Sunday, October 04, 2015

In Egypt, Judaism practised with liberal values

The Succot holiday draws to a close. In Egypt, the festival was taken seriously, with succot (temporary booths) popping up everywhere to recall life in the wilderness for the Biblical Children of  Israel. Growing up in Cairo,  Levana Zamir remembers that even Christian and Muslim friends came to experience life in a succah. Interview with Rachel Avraham on Jerusalemonline (with thanks: ASF):

The Succah at the El-Hanan synagogue in Cairo (Photo: International association of Jews from Egypt)

Her memories of celebrating Sukkot in Cairo were even more vivid than they were for Yom Kippur: “All over the streets of Cairo, even in mixed areas, everywhere there were balconies that became sukkahs.   They brought in palm trees and put them on the balcony with white sheets.  My friends loved it for it was fun and nice to be in the balcony with us.  We had Christian and Muslim friends who were also aristocratic.   It was good.”

“Then, politics are politics and one day, all of this disappeared,” Zamir noted.  “The Muslim Brotherhood came to put bombs in the Jewish Quarter and all of this disappeared for we were afraid of what they could do to us.  Today, there are no more Jews in Cairo.  Only eight old women and one man in Egypt.  They have a president of a non-existing community.  It is very sad.  There is no more Jewish life not only in Egypt but also in all of the Arab countries.  There were a million Jews in Arab countries.”

“Until today in Cairo, the El Hanan Synagogue courtyard has the remains of a very big sukkah,” Zamir described.  “In every synagogue, they had a very big sukkah.  After the prayers, they went there for the Kiddush and the nice food.  You can see it is very old.    It was important to not only eat three meals in the sukkah but also the men and boys had to sleep in the sukkah.  It had to be very big.   We had a house in a suburb of Cairo and had a very big garden.  We had a large sukkah.  My father had to sleep there with the two elder boys.”

According to Zamir, the idea of sleeping in the Sukkah is a Mizrahi custom that is not practiced by most Israelis today: “In Israel, people mostly do not sleep in the sukkah.  I remember my mother told me that her father was living in the sukkah the whole time, like the people of Israel did in the Exodus.  They did not just eat in the sukkah.  It was their house.  They did the right thing, not like today.  We are building a sukkah for the children, not for us.  I am not talking about the religious people who do it based on those principles.  My husband always every year built a sukkah for the children.  When they left home, it finished.  We did not build a sukkah anymore.  It is a big difference.  There, we did it because it was part of our life as Jews.   That’s the difference between what it was there and what it is here.”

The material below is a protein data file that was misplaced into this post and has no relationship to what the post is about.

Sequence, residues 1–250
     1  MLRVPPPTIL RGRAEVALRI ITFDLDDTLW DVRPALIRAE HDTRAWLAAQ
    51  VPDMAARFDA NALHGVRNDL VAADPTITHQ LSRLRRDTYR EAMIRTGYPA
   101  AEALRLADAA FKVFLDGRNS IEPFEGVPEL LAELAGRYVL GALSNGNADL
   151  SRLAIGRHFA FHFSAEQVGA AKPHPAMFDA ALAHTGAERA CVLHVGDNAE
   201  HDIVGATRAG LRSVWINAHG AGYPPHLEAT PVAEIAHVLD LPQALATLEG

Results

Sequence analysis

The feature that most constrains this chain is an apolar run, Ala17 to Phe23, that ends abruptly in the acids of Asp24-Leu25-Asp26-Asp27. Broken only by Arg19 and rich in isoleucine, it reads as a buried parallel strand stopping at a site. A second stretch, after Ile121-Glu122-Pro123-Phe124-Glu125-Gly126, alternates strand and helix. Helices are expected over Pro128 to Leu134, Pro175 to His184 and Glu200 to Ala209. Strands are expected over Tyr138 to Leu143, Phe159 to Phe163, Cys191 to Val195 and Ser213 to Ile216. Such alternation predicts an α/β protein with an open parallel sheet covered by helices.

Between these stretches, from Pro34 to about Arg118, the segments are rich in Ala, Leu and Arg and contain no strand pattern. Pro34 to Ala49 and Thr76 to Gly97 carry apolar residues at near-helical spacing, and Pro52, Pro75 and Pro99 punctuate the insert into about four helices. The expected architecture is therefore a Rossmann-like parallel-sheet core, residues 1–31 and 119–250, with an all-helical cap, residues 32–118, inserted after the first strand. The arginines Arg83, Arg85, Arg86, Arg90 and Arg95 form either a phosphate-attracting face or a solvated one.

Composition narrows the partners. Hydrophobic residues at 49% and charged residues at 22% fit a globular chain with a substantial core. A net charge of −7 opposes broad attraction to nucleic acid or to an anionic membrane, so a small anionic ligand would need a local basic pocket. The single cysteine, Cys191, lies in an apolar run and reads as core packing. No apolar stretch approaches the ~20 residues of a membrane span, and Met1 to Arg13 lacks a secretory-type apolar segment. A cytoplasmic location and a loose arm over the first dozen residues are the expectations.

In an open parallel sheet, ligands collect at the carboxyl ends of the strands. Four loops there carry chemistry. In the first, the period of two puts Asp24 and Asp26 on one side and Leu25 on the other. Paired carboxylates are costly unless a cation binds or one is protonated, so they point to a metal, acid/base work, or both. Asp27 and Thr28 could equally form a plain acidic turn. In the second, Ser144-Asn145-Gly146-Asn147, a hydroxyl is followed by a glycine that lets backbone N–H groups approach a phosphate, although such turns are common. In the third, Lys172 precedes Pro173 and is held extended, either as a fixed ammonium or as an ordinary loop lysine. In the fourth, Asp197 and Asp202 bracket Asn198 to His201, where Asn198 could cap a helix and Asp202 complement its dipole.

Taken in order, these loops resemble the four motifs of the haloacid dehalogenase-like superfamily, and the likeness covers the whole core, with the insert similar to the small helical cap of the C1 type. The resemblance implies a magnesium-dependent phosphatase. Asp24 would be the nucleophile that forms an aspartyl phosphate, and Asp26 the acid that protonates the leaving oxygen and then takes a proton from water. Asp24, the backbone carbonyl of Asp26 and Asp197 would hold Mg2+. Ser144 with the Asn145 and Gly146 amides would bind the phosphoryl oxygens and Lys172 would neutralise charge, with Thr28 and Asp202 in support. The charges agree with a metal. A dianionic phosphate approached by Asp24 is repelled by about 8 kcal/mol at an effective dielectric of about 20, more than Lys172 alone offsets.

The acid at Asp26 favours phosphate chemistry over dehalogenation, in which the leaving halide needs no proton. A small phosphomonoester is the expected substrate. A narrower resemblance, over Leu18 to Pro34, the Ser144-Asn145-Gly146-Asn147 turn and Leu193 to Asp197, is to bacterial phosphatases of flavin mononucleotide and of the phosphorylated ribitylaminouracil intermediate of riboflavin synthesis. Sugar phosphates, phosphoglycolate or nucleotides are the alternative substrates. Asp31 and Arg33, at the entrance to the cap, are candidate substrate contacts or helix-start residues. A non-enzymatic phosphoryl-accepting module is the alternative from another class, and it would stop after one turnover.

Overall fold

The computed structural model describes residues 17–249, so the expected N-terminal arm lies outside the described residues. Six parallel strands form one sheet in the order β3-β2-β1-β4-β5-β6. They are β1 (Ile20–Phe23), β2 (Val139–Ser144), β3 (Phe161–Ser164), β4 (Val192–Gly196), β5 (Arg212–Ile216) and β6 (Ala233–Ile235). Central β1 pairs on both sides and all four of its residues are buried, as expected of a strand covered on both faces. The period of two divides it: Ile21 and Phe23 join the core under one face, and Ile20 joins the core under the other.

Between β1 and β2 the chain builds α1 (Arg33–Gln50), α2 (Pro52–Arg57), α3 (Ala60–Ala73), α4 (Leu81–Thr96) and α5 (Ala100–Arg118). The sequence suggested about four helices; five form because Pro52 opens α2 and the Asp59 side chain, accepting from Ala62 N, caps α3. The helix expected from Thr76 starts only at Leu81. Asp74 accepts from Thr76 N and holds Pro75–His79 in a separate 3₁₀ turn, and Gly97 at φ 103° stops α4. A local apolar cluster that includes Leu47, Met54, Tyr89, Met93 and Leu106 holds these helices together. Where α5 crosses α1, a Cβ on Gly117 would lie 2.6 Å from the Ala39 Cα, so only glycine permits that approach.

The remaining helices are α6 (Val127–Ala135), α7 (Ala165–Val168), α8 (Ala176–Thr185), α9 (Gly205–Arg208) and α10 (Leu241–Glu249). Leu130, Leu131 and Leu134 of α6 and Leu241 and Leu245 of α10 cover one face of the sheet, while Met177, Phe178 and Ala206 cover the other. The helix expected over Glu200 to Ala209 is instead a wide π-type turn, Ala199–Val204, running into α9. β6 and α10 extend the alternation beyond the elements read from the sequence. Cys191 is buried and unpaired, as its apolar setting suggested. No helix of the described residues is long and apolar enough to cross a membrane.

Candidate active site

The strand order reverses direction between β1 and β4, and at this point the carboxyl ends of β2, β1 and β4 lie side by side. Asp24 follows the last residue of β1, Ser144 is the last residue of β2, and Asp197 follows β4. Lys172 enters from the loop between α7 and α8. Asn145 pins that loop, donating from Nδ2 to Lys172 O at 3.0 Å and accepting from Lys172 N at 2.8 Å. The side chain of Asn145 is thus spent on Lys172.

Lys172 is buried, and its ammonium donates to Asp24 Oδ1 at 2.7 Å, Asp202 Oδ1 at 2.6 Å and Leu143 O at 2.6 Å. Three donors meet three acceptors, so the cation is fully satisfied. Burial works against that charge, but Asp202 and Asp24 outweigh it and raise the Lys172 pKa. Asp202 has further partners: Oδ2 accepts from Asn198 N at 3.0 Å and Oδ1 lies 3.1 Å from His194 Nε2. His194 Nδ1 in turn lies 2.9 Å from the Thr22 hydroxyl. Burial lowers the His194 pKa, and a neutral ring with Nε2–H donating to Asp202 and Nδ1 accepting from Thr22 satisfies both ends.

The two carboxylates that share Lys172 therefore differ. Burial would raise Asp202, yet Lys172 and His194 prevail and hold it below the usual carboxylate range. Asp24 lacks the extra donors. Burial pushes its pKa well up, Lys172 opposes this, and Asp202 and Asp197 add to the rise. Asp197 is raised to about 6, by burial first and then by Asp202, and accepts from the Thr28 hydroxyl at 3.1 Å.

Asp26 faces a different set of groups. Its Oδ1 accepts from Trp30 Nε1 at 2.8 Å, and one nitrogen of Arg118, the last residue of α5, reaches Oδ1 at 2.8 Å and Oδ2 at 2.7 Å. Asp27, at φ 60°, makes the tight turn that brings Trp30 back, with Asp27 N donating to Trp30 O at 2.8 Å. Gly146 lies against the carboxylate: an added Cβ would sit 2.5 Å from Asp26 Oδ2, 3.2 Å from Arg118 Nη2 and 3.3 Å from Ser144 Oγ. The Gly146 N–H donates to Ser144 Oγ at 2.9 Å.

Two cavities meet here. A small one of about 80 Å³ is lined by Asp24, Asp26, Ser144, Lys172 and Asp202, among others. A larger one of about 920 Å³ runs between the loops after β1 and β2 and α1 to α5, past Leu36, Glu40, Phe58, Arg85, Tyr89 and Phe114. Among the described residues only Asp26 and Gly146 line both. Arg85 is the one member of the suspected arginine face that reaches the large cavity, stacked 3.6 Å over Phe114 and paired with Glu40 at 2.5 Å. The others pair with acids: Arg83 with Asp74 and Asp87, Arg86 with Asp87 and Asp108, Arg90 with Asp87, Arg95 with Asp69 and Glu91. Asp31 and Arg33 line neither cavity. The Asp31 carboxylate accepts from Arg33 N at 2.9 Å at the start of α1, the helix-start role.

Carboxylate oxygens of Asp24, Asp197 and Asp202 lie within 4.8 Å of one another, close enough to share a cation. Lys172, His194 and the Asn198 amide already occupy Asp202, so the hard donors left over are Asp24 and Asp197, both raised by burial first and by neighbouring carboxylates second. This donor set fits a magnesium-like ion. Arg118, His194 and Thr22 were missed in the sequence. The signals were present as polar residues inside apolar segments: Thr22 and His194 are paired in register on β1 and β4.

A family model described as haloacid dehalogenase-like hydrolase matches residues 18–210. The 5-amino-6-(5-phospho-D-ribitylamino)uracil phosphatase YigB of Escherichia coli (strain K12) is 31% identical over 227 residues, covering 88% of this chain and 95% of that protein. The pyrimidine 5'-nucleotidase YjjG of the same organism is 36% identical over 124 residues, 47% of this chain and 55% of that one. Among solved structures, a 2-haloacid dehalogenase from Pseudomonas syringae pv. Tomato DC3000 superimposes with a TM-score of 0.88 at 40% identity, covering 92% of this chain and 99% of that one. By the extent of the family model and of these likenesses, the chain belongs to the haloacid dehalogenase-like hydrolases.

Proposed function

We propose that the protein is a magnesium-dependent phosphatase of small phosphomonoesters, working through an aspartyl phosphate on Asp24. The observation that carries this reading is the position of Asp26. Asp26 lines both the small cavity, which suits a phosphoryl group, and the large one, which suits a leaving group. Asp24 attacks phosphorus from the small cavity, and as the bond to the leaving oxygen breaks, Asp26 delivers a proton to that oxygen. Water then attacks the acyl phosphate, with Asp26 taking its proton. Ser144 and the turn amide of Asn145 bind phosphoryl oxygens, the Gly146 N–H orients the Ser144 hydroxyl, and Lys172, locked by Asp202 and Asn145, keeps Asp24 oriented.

However, unlike Sukkot, where she feels that the way Egyptian Jews celebrated it in Cairo in the past was superior, Zamir believes that the experience of commemorating Yom Kippur in Israel is better than what it was in Cairo: “I like very much Yom Kippur here.  In the Diaspora, it was a normal day.  In Israel, all of the streets are empty and everyone is quiet.  It is something that is very special for Israel.  For me, it is very moving.  I knew it was not like that.   Egypt is part of the Diaspora.  My roots are there.  I was born there.  My character is more Mizrahi and Oriental.   Here in Israel, Yom Kippur is very moving.  I know that it is my place.   We need this.”

According to Zamir, Egyptian Jewish culture combined a strong commitment to Judaism with liberal values.   One day, she related that a group of Egyptian Jewish students asked a great rabbi if they could go to the cinema on Shabbat.   He replied that they could so long as they bought their tickets in advance.   Some of the Jews drove on the holidays, while others rode in special oriental carts or had chauffeurs.     Many Jews were forced to work or go to school on Shabbat because the day off was Sunday.   However, religious Jews used to try to work for Jewish companies so that they could keep Shabbat. 

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